Wake up to the realities of Internet pharmacies

Wake up to the realities of Internet pharmacies

They're here to stay. And the sites that target consumers are making heavy-duty media buys. Are you often doing enough to explain why clients should buy medications from you?
source-image
Feb 01, 2005

Have you seen a pet prescription commercial lately? One has several clients sitting impatiently in a veterinary hospital's reception area grousing about having to waste time waiting for their pet's medication and the cost of it. (Those who've seen it may also remember the feeling of your blood beginning to boil.)

I've heard a lot of grumblings from practitioners. "They're spreading lies and hurting our business," you say. And yet I've seen few veterinarians do more than roll over and surrender.

No matter what your opinions about consumer-focused Internet pharmacies are, they're here to stay. So what are you going to do? How are you going to respond?

Before you debate the merits of tucking your tail, consider this: When you look at the square feet you use, your pharmacy is likely the most profitable area in your practice. Are you willing to give up that 15 percent to 20 percent of your income without a fight? Your online competitors are betting you are.


Quick fact
Another reason to fight: The medications you dispense are important for your patients. This service should be provided by licensed veterinarians who know what they're doing and who have complete patient medical records and an established relationship with the client and patient.

Get educated Of course before you jump into battle, you need to know your opponent. Some Internet pharmacies are very reputable; others are down right unethical. Some want to circumvent you and take all your pharmacy income; some want to collaborate for a piece of the pie. (For more, see "Not All Pharmacies are Created Equal".)


From our mailbox
One way to educate yourself and your team: Get online and place an order for a commonly used product such as flea and tick medication or heartworm preventive. Go all the way to the "checkout screen." (You can cancel the order at the very end.) What was the total price? How did it compare to yours? Was the process easy or time consuming? What was the advantage of ordering over the Internet?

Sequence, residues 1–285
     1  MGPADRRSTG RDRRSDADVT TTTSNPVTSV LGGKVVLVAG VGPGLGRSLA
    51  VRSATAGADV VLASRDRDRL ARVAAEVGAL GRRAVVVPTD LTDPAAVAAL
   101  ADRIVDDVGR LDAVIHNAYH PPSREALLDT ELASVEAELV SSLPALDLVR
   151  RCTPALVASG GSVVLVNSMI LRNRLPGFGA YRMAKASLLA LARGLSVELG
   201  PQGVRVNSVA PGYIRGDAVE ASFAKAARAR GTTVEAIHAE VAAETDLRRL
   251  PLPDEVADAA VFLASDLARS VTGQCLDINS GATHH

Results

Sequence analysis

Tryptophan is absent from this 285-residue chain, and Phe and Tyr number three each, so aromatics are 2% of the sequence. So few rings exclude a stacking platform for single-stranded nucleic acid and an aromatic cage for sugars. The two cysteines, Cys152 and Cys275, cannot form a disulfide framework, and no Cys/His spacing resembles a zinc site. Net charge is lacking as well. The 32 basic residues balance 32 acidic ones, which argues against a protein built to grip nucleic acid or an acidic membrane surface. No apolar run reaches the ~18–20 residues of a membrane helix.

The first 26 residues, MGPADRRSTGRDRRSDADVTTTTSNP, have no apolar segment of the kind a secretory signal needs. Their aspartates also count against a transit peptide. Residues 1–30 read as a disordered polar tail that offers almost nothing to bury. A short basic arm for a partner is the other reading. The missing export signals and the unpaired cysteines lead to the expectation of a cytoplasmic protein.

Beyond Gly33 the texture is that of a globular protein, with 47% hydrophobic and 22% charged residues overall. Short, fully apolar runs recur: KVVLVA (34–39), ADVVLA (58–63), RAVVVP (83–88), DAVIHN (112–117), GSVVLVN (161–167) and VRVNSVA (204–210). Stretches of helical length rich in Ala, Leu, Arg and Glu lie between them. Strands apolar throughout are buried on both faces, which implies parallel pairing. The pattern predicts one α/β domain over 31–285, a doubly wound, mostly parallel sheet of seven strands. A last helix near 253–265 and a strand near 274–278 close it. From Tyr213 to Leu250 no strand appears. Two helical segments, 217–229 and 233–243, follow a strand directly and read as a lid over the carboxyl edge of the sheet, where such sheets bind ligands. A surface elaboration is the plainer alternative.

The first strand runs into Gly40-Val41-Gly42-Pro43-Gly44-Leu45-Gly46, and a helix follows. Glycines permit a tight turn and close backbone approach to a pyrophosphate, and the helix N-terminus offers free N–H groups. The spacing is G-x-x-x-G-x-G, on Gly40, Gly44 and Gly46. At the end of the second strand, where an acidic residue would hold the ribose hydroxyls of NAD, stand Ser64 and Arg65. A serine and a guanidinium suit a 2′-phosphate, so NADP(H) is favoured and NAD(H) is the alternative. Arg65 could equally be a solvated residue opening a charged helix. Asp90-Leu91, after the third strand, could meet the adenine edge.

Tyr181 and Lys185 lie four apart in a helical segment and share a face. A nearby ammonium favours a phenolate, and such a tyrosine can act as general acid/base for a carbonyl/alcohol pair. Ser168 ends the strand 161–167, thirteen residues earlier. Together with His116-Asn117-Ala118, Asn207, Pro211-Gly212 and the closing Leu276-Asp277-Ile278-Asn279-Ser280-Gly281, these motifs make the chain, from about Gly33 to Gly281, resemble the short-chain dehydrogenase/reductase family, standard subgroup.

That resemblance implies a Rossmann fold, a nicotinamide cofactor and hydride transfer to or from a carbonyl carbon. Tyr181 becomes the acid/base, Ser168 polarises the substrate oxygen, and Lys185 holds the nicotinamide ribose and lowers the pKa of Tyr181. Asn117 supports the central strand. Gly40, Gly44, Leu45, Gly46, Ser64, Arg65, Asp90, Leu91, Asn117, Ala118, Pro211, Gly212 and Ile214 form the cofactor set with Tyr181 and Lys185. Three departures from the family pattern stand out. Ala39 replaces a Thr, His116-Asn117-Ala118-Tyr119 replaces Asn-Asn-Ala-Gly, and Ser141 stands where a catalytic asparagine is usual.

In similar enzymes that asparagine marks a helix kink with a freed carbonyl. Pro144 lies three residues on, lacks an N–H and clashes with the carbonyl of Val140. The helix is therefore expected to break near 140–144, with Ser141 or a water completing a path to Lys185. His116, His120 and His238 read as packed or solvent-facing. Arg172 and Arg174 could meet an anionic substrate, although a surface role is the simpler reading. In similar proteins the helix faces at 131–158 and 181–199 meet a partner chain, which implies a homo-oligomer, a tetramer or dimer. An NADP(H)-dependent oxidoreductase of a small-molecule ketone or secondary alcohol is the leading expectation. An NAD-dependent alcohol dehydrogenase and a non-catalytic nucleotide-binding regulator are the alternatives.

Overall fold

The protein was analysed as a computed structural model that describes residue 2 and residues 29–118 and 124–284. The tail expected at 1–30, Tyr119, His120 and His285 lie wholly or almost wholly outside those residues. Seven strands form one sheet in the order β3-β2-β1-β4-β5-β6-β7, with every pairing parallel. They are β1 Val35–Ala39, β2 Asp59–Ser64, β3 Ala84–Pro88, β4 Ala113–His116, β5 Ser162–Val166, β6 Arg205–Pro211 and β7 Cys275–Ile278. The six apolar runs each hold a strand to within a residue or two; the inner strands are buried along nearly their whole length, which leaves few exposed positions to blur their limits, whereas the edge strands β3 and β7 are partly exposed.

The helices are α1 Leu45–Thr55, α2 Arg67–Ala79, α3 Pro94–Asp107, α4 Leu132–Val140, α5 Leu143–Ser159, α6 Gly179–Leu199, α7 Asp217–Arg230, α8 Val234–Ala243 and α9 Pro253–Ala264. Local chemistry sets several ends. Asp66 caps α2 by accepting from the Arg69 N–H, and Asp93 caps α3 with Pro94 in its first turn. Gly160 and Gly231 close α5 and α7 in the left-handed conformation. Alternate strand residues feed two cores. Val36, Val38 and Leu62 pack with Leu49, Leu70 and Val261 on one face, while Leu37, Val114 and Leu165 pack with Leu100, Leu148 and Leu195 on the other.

According to a news exposé by Channel 5 News, WCVB in Boston, "in all but one case the medication purchased from the veterinarian was less expensive" than the consumer Internet pharmacy they tested. Clients aren't getting this important message. We can't let the flow of misinformation continue. You and your team need to ensure clients know the truth.


Explaining your approach (click to enlarge)
Once you know what you're dealing with, you can decide how you wish to compete. What could you do to make it easier for clients to refill a prescription with you? Can clients order the medication through your practice Web site? Can they e-mail you a request to refill a prescription? Will you mail the medication to their house? Will you refill a prescription automatically and send it to the client? Are you pricing competitively?


Hot topics on dvm360

Vetcetera: The complex topic of canine fear-related aggression

A guided tour of resources for addressing this popular and complicated subject, featuring advice from Dr. John Ciribassi.

Reality TV and the veterinarian: Discussing mainstream dog training advice with clients

Your clients may be getting behavior advice from cable TV. Get your opinion in the mix.

Blog: Election results pose obstacles for veterinary prescription law

Flip in U.S. Senate's majority may slow progress of Fairness to Pet Owners Act.

7 steps to a better relationship between veterinarians and rescue groups

A DVM in the city shares his advice to veterinary practices for working with rescues.

The war between shelters, veterinarians needs to end

Despite practitioners’ legitimate gripes, they’re hurting themselves.